Pictures capturing a high school student in Changhua County braving torrential rain for 20 minutes to help an elderly garbage collector walk home went viral after it appeared on Facebook last week, melting the hearts of many netizens.
On the evening of June 18, during one of the many days when large parts of the country were being battered by heavy downpours, Fu Kuan-chen (傅冠禎), a sophomore at Yunlin’s Yi Fong High School, was peddling her bicycle home from school amid cloudbursts in Changhua’s Pitou Township (埤頭) when she noticed an elderly recycler hobbling alone in the rain with a slow-moving cart.
The aged lady, clad in rainwear and wearing a woven straw hat, could barely walk straight and kept drifting into the middle of the road, in part because of the driving rain and her cart, which had a damaged wheel axle.
Photo courtesy of reader Hung Mei-fei
Worrying that the elderly woman could be in danger of being hit by passing cars, Fu parked her bicycle and rushed to hold up an umbrella for the old woman and helped her to push the cart, which was loaded with recyclable materials.
“Thank you … but you don’t have to,” the aged woman said to Fu, seeing that the warm-hearted student was getting soaked in the rain.
Fu simply smiled and told the elderly lady that “it was okay” before continuing to help.
Photo courtesy of Chuan Kuan-chen
The heart-stirring moment was captured on the dashboard camera of beauty salon manager Hung Fei-min (洪菲敏), who happened to be close by and witnessed the scene.
Her heart melted by the student’s benevolent deed, Hung said she then slowed down and trailed the pair for as long as 20 minutes, partly to ensure they arrived safe and sound.
Hung then uploaded screenshots taken from her camera and shared them with her acquaintance Chang Hsueh-ju (張雪如), a Changhua County councilor, who was so touched by the images that she posted them on her Facebook page.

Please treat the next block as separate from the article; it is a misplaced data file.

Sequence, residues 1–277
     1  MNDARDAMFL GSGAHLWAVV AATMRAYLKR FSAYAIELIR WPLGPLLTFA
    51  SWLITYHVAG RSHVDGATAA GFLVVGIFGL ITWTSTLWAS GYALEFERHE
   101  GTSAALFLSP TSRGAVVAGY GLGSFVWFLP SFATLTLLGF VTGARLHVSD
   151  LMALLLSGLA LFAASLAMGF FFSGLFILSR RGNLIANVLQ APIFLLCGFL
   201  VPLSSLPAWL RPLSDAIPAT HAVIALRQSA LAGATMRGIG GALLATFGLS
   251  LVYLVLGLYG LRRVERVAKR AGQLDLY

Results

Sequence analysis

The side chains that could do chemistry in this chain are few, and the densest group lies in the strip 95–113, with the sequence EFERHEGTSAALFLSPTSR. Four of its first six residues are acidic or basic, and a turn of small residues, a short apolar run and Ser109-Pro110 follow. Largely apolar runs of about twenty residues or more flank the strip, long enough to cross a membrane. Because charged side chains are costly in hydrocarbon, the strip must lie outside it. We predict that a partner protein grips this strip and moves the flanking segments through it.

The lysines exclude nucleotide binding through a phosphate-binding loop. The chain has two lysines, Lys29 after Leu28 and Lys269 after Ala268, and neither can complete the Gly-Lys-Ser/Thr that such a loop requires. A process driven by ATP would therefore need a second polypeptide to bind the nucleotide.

The posting attracted hundreds of “like” clicks from netizens within just one day on Thursday, with some calling on her high school to publicly recognize Fu’s benevolence.
“The downpour on that evening was so heavy that you could have been soaked to the core within a minute, so when I saw the scene through my windshield, my heart ached a little, but I was also delighted and amazed to see such an attentive child,” Hung said, recollecting the deeply moving moment.
At a time when the nation’s educational system is dominated by “diploma-ism,” and when most young children profess nothing but indifference to their surrounding world, Fu’s righteous deed is even more commendable, Hung said.
The elderly recylcer, who was later identified as 75-year-old Hsieh Feng-chiao (謝鳳嬌), said she was truly grateful to Fu, who she said was the first person to ever lend a hand to her in such a manner over the past years.
“It was raining so hard that day that it blurred my vision, and I was left clueless that [Fu] was a high school student,” Hsieh said. “I tried to offer her a cup of tea after arriving home, but she kindly declined by saying she was in a hurry to go home.”
Fu also turned down a kind offer by a well-intentioned passer-by who volunteered to take her to her parked bicycle and instead insisted on getting there by foot.
Fu’s high school teacher, Fu Ya-chuan (傅雅娟), said the student demonstrated excellence in her academic performance and had repeatedly been awarded with first-place scholarships every semester.